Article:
ipresentationsMostViewed = decimal.Divide(_presentationService.GetMostViewedPresentationsByKewordTimeLine(query, "Day", "0").Count, 10).ToInt();
            ipresentationsMostDownload = decimal.Divide(_presentationService.GetMostDownloadedPresentationsByKewordTimeLine(query, "Day", "0").Count, 10).ToInt();
            ipresentationsNew = decimal.Divide(_presentationService.GetNewPresentations(query, "Day", "0").Count, 10).ToInt();

            activeusers = _userService.GetMostActiveUsers(query, 8, 1);
            allusers = _userService.GetAllUsers(query, 8, 1);
            iNewMemberPageCount = decimal.Divide(_userService.GetMostActiveUsers(query).Count,8).ToInt();

            activegroups = _groupService.GetMostActiveGroupByKeyword(query, 8, 1);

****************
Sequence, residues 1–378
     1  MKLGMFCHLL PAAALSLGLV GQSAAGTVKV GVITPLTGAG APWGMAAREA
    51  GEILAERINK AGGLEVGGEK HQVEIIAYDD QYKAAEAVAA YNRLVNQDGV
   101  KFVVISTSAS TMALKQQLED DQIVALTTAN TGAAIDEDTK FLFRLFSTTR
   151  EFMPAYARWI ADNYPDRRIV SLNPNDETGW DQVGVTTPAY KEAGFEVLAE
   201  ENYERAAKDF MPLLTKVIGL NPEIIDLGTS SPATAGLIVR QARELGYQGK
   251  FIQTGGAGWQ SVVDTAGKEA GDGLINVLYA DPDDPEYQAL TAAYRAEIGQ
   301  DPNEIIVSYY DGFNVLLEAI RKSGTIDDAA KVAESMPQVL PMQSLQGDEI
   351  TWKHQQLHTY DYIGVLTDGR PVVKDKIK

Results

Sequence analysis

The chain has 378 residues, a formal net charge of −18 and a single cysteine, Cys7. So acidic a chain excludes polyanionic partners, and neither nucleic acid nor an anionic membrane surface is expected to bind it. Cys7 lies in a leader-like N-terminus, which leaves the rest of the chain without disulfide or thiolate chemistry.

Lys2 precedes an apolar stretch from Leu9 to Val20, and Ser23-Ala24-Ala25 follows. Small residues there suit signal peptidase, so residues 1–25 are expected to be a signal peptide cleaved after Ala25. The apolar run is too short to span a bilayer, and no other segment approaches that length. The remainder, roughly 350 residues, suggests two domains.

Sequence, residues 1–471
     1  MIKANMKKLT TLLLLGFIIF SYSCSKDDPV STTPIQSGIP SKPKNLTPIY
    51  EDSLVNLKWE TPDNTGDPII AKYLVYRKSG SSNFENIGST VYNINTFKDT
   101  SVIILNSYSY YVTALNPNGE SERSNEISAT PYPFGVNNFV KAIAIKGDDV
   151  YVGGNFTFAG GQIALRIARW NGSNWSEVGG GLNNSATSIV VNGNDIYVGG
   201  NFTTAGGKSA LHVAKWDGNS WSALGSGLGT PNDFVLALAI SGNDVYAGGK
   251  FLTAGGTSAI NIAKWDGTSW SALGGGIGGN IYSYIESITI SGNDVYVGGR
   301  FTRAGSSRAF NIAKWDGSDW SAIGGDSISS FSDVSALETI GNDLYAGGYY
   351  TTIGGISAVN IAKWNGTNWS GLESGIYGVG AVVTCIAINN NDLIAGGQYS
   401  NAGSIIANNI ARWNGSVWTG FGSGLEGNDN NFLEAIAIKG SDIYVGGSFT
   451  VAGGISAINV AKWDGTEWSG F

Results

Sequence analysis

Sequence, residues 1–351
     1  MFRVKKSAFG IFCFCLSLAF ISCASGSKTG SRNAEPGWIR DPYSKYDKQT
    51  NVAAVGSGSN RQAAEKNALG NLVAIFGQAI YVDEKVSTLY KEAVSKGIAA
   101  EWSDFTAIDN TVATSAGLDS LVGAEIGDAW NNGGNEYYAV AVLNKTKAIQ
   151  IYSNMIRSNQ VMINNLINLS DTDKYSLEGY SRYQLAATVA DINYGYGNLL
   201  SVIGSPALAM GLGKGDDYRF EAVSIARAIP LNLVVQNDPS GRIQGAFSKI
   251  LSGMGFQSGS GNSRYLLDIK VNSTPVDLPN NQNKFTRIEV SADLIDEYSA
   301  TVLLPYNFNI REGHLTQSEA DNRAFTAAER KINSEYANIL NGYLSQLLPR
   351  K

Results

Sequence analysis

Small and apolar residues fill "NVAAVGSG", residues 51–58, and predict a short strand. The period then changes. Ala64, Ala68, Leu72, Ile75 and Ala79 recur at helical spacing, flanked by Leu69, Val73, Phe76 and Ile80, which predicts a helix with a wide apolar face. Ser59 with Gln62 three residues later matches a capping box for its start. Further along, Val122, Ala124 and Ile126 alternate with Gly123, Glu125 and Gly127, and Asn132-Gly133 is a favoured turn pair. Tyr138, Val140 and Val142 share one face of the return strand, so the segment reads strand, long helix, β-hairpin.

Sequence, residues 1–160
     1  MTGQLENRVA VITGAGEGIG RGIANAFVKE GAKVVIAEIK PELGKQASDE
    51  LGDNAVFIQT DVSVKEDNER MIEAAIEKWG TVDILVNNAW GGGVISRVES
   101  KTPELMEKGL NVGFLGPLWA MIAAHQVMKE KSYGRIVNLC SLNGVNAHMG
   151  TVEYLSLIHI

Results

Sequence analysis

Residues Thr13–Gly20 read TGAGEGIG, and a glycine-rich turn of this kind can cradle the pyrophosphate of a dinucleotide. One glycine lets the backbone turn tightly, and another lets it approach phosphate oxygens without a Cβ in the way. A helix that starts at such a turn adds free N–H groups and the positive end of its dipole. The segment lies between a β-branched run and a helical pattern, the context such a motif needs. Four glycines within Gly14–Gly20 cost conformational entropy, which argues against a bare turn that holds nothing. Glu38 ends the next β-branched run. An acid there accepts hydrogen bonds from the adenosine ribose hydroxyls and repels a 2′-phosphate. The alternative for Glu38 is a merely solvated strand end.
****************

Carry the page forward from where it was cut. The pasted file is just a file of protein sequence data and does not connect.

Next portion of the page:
allgroups = _groupService.GetAllGroupByKeyword(query, 8, 1);
            iNewGroupPageCount = decimal.Divide(_groupService.GetMostActiveGroupByKeyword(query).Count, 8).ToInt();
        }
    }

    ViewData.Add("membersList-mostactive", activeusers);
    ViewData.Add("membersList-all", allusers);
    ViewData.Add("groupsList-mostactive", activegroups);
    ViewData.Add("groupsList-all", allgroups);

    ViewData.Add("presentations-all",presentationsAll);
    ViewData.Add("presentations-mostpopular",presentationsMostPopular);
    ViewData.Add("presentations-mostviewed",presentationsMostViewed);
    ViewData.Add("presentations-mostdownload",presentationsMostDownload);
    ViewData.Add("presentations-new",presentationsNew);
   
    ViewData.Add("Query", query);
    //ViewData.Add("Presentations", presentations);

    ViewData.Add("members-totalcount", iNewMemberPageCount);
    ViewData.Add("groups-totalcount", iNewGroupPageCount);

    ViewData.Add("presentations-alltotalcount", ipresentationsAll);
    ViewData.Add("presentations-mostpopulartotalcount", ipresentationsMostPopular);
    ViewData.Add("presentations-mostviewedtotalcount", ipresentationsMostViewed);
    ViewData.Add("presentations-mostdownloadtotalcount", ipresentationsMostDownload);
    ViewData.Add("presentations-newtotalcount", ipresentationsNew);